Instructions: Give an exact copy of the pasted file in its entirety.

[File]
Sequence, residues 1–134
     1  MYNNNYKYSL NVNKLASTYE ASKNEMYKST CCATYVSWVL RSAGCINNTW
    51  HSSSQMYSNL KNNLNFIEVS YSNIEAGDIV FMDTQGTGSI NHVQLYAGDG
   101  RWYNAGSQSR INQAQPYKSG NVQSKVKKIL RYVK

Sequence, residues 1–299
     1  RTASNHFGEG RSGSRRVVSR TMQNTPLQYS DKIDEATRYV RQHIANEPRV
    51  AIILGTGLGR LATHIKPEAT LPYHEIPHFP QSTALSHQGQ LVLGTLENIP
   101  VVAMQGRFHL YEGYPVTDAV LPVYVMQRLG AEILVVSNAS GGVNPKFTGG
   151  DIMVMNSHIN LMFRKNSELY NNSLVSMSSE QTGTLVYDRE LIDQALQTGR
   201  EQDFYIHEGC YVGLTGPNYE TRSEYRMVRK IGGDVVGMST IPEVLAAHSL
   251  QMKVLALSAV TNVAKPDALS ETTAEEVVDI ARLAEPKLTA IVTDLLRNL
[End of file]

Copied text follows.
Sequence, residues 1–134
     1  MYNNNYKYSL NVNKLASTYE ASKNEMYKST CCATYVSWVL RSAGCINNTW
    51  HSSSQMYSNL KNNLNFIEVS YSNIEAGDIV FMDTQGTGSI NHVQLYAGDG
   101  RWYNAGSQSR INQAQPYKSG NVQSKVKKIL RYVK

Sequence, residues 1–299
     1  RTASNHFGEG RSGSRRVVSR TMQNTPLQYS DKIDEATRYV RQHIANEPRV
    51  AIILGTGLGR LATHIKPEAT LPYHEIPHFP QSTALSHQGQ LVLGTLENIP
   101  VVAMQGRFHL YEGYPVTDAV LPVYVMQRLG AEILVVSNAS GGVNPKFTGG
   151  DIMVMNSHIN LMFRKNSELY NNSLVSMSSE QTGTLVYDRE LIDQALQTGR
   201  EQDFYIHEGC YVGLTGPNYE TRSEYRMVRK IGGDVVGMST IPEVLAAHSL
   251  QMKVLALSAV TNVAKPDALS ETTAEEVVDI ARLAEPKLTA IVTDLLRNL